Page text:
THE GLUTEN-FREE GUIDE TO ITALY
As an Italian professor, a musician and an Italian-American, I have traveled all
over Italy; I have even been lucky enough to occasionally spend long periods of
time (six months to a year) in my favorite Italian city, Rome. The country, the
people, the art, the history, and the culture are fantastic. The food in Italy is a
delight, a feast of the senses.
Ah, l’Italia: il paese della pasta (the land of pasta) . . . Most people imagine it to
be a daunting destination for gluten-free tourists. To my surprise, as I have
learned through extensive research, Italy is a gluten-free paradise!
Anyone on a gluten-free diet can get gluten-free croissants (known as cornetti
senza glutine) in the local hotels and bakeries for breakfast; gluten-free pizza for
a mid-morning snack; gluten-free lasagne with fresh-made gluten-free bread for
lunch; gelato with a gluten-free cone in the afternoon; and if you still have room
for dinner, three or four courses of anything you want gluten-free for dinner.
(Save room for the gluten-free tiramisu for dessert!) Your biggest problem in Italy
is going to be deciding what to eat first and trying not to gain 30 pounds from
eating all the delizioso cibo italiano (delicious Italian food)!
Everyone in Italy knows about celiac disease. When you ask restaurant staff
about gluten-free food, they automatically respond, Lei è celiaca? (You have
celiac disease?) This is because all Italians are tested for celiac disease at an
early age. The many who test positive receive great services: a monthly stipend
from the government for gluten-free food as well as extra vacation time to shop
for and prepare gluten-free food. In addition, the Italian Celiac Association, the
Italian government and a few major Italian companies that sell gluten-free
products have all worked to promote awareness and understanding of celiac
disease. As a result, restaurant owners, managers, chefs, and waiters are well-
While I was writing this book, I contacted the Italian Celiac Association and spoke
to hundreds of restaurant owners, managers, and customers in Italy. Sometimes,
restaurant owners said “no”—they could not provide me a gluten-free meal. But
much more often, they said,
Come no!?! (Why not? Why do you even ask?)
Certo, signora, con piacere. (Of course, Madame, with pleasure.)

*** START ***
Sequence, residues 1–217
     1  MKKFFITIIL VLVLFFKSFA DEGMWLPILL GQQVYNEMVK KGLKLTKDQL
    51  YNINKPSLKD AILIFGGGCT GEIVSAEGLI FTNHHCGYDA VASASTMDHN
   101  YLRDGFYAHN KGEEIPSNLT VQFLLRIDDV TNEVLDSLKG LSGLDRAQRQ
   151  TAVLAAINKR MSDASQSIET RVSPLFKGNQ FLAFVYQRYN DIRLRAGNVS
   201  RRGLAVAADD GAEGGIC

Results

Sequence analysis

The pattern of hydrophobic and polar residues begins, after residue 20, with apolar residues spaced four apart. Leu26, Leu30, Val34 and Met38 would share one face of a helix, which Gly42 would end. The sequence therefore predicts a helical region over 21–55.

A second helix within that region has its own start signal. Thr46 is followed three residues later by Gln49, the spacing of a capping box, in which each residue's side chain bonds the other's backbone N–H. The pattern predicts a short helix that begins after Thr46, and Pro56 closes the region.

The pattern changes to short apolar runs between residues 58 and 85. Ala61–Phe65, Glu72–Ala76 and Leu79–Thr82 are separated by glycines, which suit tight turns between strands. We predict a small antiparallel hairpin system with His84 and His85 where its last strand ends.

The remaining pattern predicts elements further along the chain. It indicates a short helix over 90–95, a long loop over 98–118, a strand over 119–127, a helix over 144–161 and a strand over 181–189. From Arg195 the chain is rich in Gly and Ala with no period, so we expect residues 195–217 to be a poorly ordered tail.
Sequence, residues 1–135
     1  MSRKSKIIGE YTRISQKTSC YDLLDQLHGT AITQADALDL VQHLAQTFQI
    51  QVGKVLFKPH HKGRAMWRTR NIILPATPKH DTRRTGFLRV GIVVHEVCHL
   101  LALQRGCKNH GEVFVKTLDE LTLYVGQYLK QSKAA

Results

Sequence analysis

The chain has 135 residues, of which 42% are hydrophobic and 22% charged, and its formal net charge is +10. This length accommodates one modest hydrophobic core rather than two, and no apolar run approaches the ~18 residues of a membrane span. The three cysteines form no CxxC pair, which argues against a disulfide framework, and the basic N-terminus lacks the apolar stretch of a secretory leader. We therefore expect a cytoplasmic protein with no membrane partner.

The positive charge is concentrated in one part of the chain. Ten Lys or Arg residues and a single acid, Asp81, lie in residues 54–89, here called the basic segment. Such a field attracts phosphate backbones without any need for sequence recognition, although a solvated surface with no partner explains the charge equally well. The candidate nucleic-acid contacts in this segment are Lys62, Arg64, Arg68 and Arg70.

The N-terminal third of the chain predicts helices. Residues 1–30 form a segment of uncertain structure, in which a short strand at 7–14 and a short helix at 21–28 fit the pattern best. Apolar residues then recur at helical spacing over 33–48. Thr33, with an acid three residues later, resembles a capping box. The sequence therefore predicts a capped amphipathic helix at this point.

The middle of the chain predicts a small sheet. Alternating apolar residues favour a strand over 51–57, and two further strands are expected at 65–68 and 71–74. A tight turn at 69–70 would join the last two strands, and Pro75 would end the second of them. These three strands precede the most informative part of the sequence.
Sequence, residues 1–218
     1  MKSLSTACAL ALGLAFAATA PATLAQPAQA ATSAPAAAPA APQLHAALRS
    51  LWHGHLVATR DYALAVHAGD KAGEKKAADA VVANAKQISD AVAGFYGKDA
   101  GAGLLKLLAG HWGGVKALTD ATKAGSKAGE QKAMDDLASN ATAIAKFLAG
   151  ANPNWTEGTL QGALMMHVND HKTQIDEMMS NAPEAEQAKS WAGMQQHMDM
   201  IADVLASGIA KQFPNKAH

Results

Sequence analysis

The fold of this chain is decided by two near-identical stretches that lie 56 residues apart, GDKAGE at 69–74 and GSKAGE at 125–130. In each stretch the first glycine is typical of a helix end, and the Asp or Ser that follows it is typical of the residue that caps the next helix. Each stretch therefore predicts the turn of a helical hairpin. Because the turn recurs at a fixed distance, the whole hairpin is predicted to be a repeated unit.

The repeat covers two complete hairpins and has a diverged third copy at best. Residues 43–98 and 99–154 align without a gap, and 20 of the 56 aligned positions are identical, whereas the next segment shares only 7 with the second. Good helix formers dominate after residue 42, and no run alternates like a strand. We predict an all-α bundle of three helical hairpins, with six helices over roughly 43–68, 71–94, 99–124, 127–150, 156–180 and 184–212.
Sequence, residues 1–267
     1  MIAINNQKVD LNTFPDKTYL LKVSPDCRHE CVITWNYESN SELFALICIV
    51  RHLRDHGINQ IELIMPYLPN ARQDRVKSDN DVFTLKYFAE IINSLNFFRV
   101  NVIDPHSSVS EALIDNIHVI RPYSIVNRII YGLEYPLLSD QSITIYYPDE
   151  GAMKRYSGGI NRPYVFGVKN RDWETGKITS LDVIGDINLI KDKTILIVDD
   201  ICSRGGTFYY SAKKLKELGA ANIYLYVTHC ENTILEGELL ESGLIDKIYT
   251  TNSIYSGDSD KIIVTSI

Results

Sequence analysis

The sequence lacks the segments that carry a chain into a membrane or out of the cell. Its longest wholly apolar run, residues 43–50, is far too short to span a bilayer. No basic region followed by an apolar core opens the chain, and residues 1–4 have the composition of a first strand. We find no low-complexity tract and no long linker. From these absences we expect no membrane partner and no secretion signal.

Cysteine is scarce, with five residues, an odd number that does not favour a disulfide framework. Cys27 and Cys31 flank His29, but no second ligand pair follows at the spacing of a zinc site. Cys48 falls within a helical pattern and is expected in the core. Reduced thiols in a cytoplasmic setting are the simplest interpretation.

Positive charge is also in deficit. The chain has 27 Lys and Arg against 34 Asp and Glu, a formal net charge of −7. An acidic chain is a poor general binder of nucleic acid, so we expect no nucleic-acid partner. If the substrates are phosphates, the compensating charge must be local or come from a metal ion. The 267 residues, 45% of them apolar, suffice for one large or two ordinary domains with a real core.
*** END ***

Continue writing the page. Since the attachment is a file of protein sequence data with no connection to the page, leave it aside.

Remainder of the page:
Lei vuole gli gnocchi o le tagliatelle? Tutti e due sono senza glutine e sono
stati fatti in casa stamattina. (Would you like gnocchi or tagliatelle? They
are both gluten-free and were homemade this morning.)
Si, si, anch’io sono celiaco, quindi preparo tutto qui senza glutine. (I am also
a celiac and so I prepare everything here gluten-free.)
Music to my ears!!!!
This book is presented as a service to the gluten-intolerant community, in the
spirit of "celiacs helping celiacs." It offers lists of hotels, pensiones, B&B’s,
restaurants, caterers, pizza places, ice cream stores, bakeries, health food
stores, and pharmacies that serve the gluten-free community all over Italy. It lists
all of the above by region, with major tourist towns in bold print. The
establishments that are participating in the Italian Celiac Association program
(more information about this in the opening pages of the book) are marked with
Let the reader be forewarned that these lists are fluid: restaurants come and go.
It is a good idea to call first; for virtually all restaurants in this guide, phone
numbers are listed. The list of restaurants does not represent a guarantee that
food served at any restaurant is gluten-free. Remember that is always important
to communicate with the chefs as to your own special dietary needs. For help
with this, check out the “Questions for the chef” and food vocabulary sections in
the front of the book as well as the glossary section in the back of this book.
Enjoy your trip to Italy, and especially enjoy the food! Revel in your new-found
Buon viaggio e buon appetito!